"He was placed in long-term care for three days. I had to tell them he was a rehab patient. They didn't have a bed for him in rehab. The place smelled of urine and it was hot. There were no open windows and my father was sweating," Mark Williams said.

With assistance, Williams could walk. But when he was in bed, the son said, caution was necessary. His father was restless.

"He liked to roll. I'd asked them to place rails on the sides of his bed," Mark Williams said.

The request, he said, was not addressed.

"One day when I came in, he had a big old bump on his head. I asked, 'What happened to you?' He said, 'Oh, I fell out of bed.' The nursing home never told me about that," the son said.

Mark Williams said the nursing home staff informed him in early December 2016 that his father had developed a bedsore in the groin area.

"We were told it was a little pressure sore. I asked, 'Can we look?' and we were told, 'No,' " Mark Williams recalled.

Frank Williams, who had diabetes and high blood pressure, had also been diagnosed with a urinary tract infection, according to hospital records.

In the coming days, Mark Williams said, he noticed his father's health deteriorating.

'Down to the bone' 

On Dec. 7, 2016, Frank Williams was readmitted to Kenmore Mercy Hospital because of generalized weakness, a cough and fever, hospital records stated.

After he arrived, hospital records note, Kenmore Mercy staff discovered bedsores on the lower half of his body, including one with "foul smelling drainage" and greenish gray and black spots, along with dead tissue.

According to hospital medical records, there were bedsores on his lower back, right ankle, right and left heels and right big toe. There were two lesser wounds on his right pelvis and scrotum. 

"The sore on his right ankle looked like it was down to the bone," Mark Williams said.

Doctors removed dead tissue and muscle from Williams' lower back, scrotum and ankle, medical records stated. So much tissue was removed in his rectal area, that a colostomy bag was required, according to Scinta, Williams' attorney.

"The doctors told us that they had gotten to the point where they were down to his tail bone and couldn't do anything more," said Mark Williams.

Preventable pain

Williams' attorney said the bedsores could have been prevented if the nursing home staff had regularly changed Williams' position in bed.

Safire Northtowns is operated by a limited liability company with five New York City area partners: Judy Landa, Richard Platschek, Solomon Abramczyk, Robert Schuck and Moshe Steinberg, according to Health Department records.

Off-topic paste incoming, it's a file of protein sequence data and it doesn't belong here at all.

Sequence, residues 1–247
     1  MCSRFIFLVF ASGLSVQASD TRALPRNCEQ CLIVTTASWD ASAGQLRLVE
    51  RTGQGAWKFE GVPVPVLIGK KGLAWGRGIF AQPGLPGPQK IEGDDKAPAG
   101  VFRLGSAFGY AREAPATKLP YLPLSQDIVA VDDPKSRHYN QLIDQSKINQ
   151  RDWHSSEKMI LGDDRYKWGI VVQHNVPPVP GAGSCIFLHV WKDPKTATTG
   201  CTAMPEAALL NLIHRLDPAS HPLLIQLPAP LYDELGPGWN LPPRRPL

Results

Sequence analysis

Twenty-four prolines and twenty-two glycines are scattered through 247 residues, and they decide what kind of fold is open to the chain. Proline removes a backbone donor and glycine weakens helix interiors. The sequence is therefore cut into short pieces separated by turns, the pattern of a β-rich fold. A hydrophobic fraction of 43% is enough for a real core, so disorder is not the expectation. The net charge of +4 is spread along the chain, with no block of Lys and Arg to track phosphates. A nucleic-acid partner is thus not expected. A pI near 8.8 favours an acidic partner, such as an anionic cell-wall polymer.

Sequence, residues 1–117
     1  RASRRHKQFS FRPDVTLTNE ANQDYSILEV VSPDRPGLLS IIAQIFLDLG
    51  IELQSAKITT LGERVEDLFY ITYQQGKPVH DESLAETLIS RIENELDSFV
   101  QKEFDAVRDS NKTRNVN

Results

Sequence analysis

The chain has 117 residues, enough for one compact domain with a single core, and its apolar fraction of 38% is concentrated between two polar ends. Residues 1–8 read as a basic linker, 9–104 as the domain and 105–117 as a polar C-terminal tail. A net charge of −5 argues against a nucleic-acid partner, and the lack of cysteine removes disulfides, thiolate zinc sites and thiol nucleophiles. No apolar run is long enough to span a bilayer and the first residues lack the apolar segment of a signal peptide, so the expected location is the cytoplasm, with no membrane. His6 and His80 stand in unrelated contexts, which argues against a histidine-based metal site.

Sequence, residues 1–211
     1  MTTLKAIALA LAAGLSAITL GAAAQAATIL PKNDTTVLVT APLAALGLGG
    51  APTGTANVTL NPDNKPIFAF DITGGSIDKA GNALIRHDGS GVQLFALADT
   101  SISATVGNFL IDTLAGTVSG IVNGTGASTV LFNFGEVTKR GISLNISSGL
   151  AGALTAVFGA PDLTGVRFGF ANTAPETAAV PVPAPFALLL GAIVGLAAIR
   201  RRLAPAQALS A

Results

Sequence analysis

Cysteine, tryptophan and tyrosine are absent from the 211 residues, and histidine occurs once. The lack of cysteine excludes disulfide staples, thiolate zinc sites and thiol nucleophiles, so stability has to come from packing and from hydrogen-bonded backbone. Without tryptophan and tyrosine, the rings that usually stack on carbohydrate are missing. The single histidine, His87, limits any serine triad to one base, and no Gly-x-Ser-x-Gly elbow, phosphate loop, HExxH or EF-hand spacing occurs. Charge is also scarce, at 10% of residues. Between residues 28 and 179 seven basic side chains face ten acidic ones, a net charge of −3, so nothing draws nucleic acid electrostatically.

Theresa Lyman, administrative organizer for the union that represents certified nursing aides at Safire, said the facility's estimated 80 certified nursing assistants and licensed practical nurses were cut to 38 after the partners bought the nursing home in 2014.

"If there are not workers, how can you change a resident's position?" said Tanya Goffe, a certified nursing aide at Safire, said when asked about the high percentage of bedsores at the facility. Goffe and other unionized nursing home workers rallied in June against the staffing cuts by out-of-town owners.

Balboni, the spokesman for Safire Northtowns’ owners, said the owners have hired nonunion certified nursing assistants to supplement the hours worked by the nursing home’s staff. The total hours worked by all certified nursing assistants – union and nonunion – have not decreased, he said.

"We believe the cause in the bedsore percentages is taking in bariatric patients, not staffing cuts," Balboni said.

Tanya Goffe, a certified nursing aide at Safire Rehabilitation of Northtowns, says the nursing home's owners cut the number of nurses and certified nursing aides working there after they purchased the facility in 2014. Goffe participated in an 1199 SEIU union protest outside Emerald South nursing home in Buffalo on June 28, 2018. Union members protested understaffing and unsafe conditions at Emerald South. (Sharon Cantillon/Buffalo News)

An expert's insights

While repositioning is the No. 1 preventive measure for bedsores, there are other necessary steps to avoid pressure injuries, according to Edsberg at the Center for Wound Healing Research.

They include closer attention to the different surfaces the skin comes in contact with, whether it is on a bed or in a chair, and the friction that causes.

"It all comes down to what are the different forces on the tissue. When a bed is raised up, you start to slide down the bed and there is friction," Edsberg said.

Able-bodied individuals can shift to lessen pressure when they become uncomfortable. But nursing home residents may not have that ability, said Edsberg, a former president and member of the National Pressure Ulcer Advisory Panel, a think tank. Sweat and incontinence can also weaken tissue.

Close watch of residents also figures into prevention and treatment, according to Mark Dirlam, the assistant administrator of Elderwood at Lancaster, the nursing home with the lowest percentage of bedsores in Erie and Niagara counties in 2017.

Nurses at that Elderwood home make daily checks of residents for possible breakdowns in the surface of the skin, Dirlam said.

He said the facility also has a "skin team" that has been in place for several years and conducts weekly rounds to assess and treat individuals with bedsores. Team members include nurses, occupational or physical therapists and a dietitian.

Frank Williams' death

Williams died at 4:10 p.m. Dec. 21, 2016, at Kenmore Mercy.

Williams' son said he remains upset that Safire Northtowns did not tell him how bad the pressure sores were on his father's body.

"I arrived at the hospital a few seconds after he died," Mark Williams recalled. "The nurses told me he had smiled when he died. He finally had relief."